What a surprise!  Mowing grass in a neglected part of our property when I looked up and noticed something that looked a lot like hop cones… and quite a distance from the rhizomes I planted this spring.  I looked further up the small walnut tree and the entire top was covered in large hop cones.

I immediately shut down the tractor and ran over to the tree.  Plucked a cone from a thick and healthy vine… the cone about the size of the end of my thumb.  This cone was ripe… lupulin abound and a wonderful aroma.  Excitement is too mellow of a word for what I was feeling.  If there is one, there is more right?

Glancing immediately to my left where I did some early spring cleaning this year… I noticed more cones.  These plants bigger than the last.  I walked this tree line and found the jackpot.  Several vines… some climbing trees, some working their way across the ground.  All of them loaded with cones.  These are old plants and have apparently been growing here wild for several years.

Wild hops are not uncommon.  Native species grow which Native Americans used for medicinal purposes.  Some of these open pollinated varieties hybridized with English and Dutch varieties and produced a fine hop called ‘cluster’.  This is an old world variety used for both bittering and aroma, however it’s use has given way to more recent varieties including those that are patented and not “open source”.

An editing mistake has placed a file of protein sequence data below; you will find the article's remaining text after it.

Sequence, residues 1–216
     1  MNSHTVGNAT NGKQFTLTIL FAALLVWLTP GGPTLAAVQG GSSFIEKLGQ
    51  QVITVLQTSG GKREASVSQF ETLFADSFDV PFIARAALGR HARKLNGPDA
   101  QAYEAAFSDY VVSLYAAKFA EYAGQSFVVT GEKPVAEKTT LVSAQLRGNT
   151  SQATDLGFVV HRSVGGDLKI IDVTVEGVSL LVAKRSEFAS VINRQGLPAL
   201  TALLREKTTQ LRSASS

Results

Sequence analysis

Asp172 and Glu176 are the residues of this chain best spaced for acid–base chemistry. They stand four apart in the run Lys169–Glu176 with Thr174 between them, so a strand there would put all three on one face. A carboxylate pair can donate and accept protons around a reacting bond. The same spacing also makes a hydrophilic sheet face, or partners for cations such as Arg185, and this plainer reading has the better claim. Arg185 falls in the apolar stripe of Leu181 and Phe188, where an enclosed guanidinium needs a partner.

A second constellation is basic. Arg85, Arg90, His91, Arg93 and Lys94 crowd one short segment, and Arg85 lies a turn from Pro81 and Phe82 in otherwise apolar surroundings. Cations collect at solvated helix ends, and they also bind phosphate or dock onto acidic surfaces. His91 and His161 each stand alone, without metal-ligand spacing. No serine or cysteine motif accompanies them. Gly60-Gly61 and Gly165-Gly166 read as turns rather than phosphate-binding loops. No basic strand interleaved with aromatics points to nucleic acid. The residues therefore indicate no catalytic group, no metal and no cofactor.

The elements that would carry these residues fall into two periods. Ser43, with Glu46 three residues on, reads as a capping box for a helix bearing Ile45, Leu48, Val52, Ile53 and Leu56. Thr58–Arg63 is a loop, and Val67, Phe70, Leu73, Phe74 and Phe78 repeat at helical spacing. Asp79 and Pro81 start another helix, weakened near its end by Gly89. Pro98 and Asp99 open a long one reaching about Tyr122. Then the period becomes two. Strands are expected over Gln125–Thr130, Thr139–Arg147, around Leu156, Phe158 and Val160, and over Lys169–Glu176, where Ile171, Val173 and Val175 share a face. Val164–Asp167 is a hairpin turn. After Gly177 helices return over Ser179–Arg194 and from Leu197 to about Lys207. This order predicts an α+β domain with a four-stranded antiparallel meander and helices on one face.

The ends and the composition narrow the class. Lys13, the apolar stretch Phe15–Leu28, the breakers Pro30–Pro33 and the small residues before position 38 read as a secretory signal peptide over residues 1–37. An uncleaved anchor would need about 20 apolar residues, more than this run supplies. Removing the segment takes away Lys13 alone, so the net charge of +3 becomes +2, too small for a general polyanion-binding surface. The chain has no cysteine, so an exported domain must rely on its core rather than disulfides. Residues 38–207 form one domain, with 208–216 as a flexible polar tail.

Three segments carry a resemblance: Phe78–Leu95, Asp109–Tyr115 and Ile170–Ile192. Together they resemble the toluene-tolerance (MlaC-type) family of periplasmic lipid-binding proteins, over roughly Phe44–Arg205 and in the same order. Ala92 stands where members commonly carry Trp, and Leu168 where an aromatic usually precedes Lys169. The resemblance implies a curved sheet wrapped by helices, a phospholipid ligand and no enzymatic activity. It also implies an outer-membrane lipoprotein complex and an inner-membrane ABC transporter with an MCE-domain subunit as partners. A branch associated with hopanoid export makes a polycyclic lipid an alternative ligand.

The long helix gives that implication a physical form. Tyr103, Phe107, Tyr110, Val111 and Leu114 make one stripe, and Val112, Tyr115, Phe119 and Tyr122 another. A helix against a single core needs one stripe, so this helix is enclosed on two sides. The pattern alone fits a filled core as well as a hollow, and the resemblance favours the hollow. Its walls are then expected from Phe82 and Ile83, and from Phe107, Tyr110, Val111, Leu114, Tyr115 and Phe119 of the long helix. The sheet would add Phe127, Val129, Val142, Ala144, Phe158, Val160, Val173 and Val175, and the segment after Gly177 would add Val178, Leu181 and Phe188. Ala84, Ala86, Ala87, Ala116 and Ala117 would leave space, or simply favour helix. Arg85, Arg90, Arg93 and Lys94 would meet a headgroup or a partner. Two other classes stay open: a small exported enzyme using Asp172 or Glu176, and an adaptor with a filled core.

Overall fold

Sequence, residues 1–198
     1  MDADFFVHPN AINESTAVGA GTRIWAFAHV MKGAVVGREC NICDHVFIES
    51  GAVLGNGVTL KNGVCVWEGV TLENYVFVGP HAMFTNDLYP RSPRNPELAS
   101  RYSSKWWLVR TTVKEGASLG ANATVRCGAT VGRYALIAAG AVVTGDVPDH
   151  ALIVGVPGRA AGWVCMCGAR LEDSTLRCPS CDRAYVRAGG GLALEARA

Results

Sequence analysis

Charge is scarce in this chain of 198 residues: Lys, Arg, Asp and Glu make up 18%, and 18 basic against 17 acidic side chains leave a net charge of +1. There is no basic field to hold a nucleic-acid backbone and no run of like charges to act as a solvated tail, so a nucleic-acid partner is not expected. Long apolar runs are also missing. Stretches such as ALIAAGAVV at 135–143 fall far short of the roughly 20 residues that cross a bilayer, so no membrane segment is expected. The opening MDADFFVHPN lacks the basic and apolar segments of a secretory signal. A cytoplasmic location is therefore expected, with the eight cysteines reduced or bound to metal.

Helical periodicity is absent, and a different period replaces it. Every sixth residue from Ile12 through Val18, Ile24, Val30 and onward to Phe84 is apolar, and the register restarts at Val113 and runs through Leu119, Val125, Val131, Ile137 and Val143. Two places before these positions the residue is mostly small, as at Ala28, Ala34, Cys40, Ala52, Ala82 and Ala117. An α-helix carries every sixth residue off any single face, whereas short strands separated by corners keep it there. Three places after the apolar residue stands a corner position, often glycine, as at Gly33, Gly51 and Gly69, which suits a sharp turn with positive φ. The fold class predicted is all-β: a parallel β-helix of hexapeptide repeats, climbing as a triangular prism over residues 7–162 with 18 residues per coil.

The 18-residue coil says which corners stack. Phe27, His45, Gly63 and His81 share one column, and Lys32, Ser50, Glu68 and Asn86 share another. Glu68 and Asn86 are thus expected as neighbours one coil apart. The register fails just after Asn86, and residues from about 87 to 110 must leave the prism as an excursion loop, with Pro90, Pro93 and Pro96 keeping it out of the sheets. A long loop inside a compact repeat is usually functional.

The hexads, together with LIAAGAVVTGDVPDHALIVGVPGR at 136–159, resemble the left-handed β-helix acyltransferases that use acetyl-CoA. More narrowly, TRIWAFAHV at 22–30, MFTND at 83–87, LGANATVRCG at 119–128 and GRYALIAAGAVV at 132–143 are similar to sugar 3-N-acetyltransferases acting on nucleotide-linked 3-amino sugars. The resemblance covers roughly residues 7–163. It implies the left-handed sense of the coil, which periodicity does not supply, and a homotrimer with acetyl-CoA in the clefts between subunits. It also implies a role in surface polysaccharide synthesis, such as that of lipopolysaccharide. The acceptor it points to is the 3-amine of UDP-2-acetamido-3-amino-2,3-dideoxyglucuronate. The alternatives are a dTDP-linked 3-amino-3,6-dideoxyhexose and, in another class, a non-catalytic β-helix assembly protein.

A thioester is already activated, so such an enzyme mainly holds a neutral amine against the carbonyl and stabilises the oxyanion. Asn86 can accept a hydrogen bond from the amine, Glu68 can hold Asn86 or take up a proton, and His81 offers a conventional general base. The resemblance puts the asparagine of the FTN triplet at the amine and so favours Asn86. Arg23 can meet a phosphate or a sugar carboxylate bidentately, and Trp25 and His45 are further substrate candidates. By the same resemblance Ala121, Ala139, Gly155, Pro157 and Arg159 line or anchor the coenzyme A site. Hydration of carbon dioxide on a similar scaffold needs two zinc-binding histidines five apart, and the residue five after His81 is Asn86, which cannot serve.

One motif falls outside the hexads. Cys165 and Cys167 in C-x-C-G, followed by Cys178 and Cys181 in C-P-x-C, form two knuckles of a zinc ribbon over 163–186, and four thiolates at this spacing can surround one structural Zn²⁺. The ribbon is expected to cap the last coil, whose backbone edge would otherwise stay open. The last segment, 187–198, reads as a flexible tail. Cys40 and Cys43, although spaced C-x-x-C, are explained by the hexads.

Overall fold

Thinking they were most likely a cluster variety, I plucked a handful of cones and headed home to make some hop tea.  The bitterness in these cones is a lot higher than I expected.  The aroma is floral, spicy, with notes of pine.  This is a great hop and I can’t express how fortunate I feel to have stumbled across these plants which apparently have been here a great deal of time.  Our property was once used as an orchard, but that predates many of the varieties on the market today.   We may be looking at some different type of hybrid… I’m just unsure at this point.

These plants, have survived a terrible 2-year drought (and possibly several others) without any irrigation whatsoever.  The leaves and cones are solid… no sign of bugs.  They are resilient, self-reliant and have outperformed all the other plants around them.  They have adapted to the Missouri climate and they are thriving even in a year that has been rough for other hop growers in the area (including myself)!

I’ll be contacting a lab in Michigan to run a full round of testing on some samples this week.  These tests will help determine aroma and flavor profiles, as well as a measure of bitterness.  We may be able to more closely identify the variety, but if they are truly unique, we’ll utilize them just the same!  These tests will help us prepare some special recipes with a true local flavor.  It honestly feels like these plants were put here for us to discover… a ‘divine’ contribution!

More later when we get our test results back… until then we have some 5 gallon buckets to fill and some hops to dry!